Saturday, 5 October 2013

Hello from Coquette Point,

A fast moving front brought a weather change on Thursday morning and dawn broke to a splendid display of red mackeral sky.
A sudden change in the wind from NE to SE and by late afternoon the front spurned the first storm of the season, 21 mm of rain, hail and strong winds whipped through the Atherton Tablelands as the storm passed. By the time it reached the coast it had run out of puff and only 1mm of rain was recorded at Gordonvale and none in Innisfail.
However, a strong, cool breeze raced up the Johnstone River towards the low pressure system bringing a welcome relief to the heat.
The storm shaded the sun and the thunder rolled over the Innisfail Valley. The bush stone curlews started to tweet, it was a most unusual vocal call for these birds which are renown for their loud, wailing, nocturnal calls. One bush stone curlew ran from the rainforest quickly followed by a second bird. As the thunder rolled they moved together startled and uttering low tweets.

 Suddenly the birds took to the air and flew into the mangroves on the northern side of the river.
By the sound of their calls, over the last two night, they have returned with a few mates.

Clusters of scented, small, white flowers cover the mangrove Aegiceras corniculatum in spring. These flowers are full of nectar and attract both native and exotic bees, in fact the nectar from the flowers of this particular mangrove makes a substantial contribution to the production of honey in coastal areas in tropical Australia.

Sex in the mangroves.

A. corniculatum also plays host to a number of molluscs and the mangrove snail Melarapha scabra is mainly found of the leaves of this species of mangrove.  The snail below has just deposited a pile of dung and a mucus trail is being excreted behind it.  Gastropod sex is on in the mangroves! The mucus trail is laid by the sexually ready female snail and the male follows the mucus trail to locate the female. Note there is a hitchhiker insect on the shell.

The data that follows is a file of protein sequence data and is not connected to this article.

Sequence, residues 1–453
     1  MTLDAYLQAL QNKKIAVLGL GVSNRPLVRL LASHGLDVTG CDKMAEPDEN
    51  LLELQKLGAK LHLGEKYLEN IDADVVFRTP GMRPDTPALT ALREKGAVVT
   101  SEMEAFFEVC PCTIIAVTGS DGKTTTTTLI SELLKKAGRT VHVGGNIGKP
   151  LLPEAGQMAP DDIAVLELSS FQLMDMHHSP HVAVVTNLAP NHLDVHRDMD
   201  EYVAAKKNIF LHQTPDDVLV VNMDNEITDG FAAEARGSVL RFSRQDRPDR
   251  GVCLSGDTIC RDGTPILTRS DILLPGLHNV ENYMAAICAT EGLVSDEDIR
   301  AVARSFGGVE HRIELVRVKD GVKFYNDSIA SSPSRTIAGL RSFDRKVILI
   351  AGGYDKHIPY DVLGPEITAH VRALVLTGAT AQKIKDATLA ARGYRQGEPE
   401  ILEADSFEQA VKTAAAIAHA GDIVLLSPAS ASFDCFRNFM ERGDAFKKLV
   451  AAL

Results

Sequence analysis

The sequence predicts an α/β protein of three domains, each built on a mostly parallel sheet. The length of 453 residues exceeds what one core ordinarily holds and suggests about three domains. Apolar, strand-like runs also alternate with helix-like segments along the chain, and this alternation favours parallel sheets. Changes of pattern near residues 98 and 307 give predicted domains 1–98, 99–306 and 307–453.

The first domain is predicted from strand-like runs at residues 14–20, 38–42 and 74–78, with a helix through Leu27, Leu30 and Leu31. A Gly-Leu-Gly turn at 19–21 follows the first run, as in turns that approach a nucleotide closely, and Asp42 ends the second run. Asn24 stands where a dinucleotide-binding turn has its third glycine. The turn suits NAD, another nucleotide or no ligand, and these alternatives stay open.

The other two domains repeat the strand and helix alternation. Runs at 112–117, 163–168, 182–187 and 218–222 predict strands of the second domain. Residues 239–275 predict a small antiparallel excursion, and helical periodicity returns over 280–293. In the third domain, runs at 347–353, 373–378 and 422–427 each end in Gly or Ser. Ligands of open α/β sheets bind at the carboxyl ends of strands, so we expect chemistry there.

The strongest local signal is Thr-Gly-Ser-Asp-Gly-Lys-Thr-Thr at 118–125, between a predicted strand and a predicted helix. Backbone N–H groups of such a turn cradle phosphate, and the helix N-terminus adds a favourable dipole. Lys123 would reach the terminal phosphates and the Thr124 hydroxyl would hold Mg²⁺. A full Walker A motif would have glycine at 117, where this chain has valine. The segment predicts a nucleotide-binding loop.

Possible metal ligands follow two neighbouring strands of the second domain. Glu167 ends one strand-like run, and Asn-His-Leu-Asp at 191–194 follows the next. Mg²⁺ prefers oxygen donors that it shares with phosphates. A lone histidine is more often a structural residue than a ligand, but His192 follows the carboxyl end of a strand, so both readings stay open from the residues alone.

The mangrove snail is a particular favourite of the cassowary and is the main reason you often see cassowaries in mangrove forests.

  Talking of cassowaries, I haven't seen any sign of the matriarch Jessie or her partner Snout this week. Hopefully, Snout is sitting on eggs and Jessie has gone off to look for another eligible male.

The shrill calls of the osprey parents are a constant background noise of the Johnstone River estuary this week as the parent birds teach the juveniles to fish.

The bright white tips on the youngesters feathers and dark head markings makes it easy to identify the juvenile osprey as other than the markings they are the same size as the parent bird.

Summer brings flies so it is always good to have a friendly jewel spider or two around; their favourite food is flies.

Once fly was caught in the web the jewel quickly wound in her catch. Over the next hour she sucked the juices from the fly until only the skeleton was left.

The meal finished she repaired her web and waited for the next victim. Sorry if you find this gruesome most of us have never faced up to the processes of our own meat-eating.

The week wouldn't be complete without finding another species of jumping spider. Unfortunately yet another Salticidae I was unable to identify from the online photo-bank of this spider.

The hot weather has brought to the surface another summer visitor, the shield or better known stink bug. I found this pretty little fella on a granadilla leaf. Not all shield bugs damage plants many of them are mite and aphid eaters.

Stick insects have also started to appear and this flightless male has an unusual body armour.

Juvenile metallic starling

The metallic starlings are busy feeding on the abundant fruit offered by the rainforest. Figs are their particular favourite and it is the starlings habit to pick the fruit and fly to a nearby tree to consume it. In this way they spread the seed and join the other rainforest farmers of the Wet Tropics like the cassowary and the flying fox.

 A brief rain shower fell early this morning and before it was finished termites on their nuptial flight filled the sky. Generally this is a signal that the wet season will start within the month.

I went to the Palmerston on Friday and I have never seen, felt or been stung by so many march flies. Not since the 70's have I seen them in such large numbers. Fortunately Coquette Point does not get a lot of march flies, however, we make up for it with sandflies and mosquitoes.

Enjoy the day,


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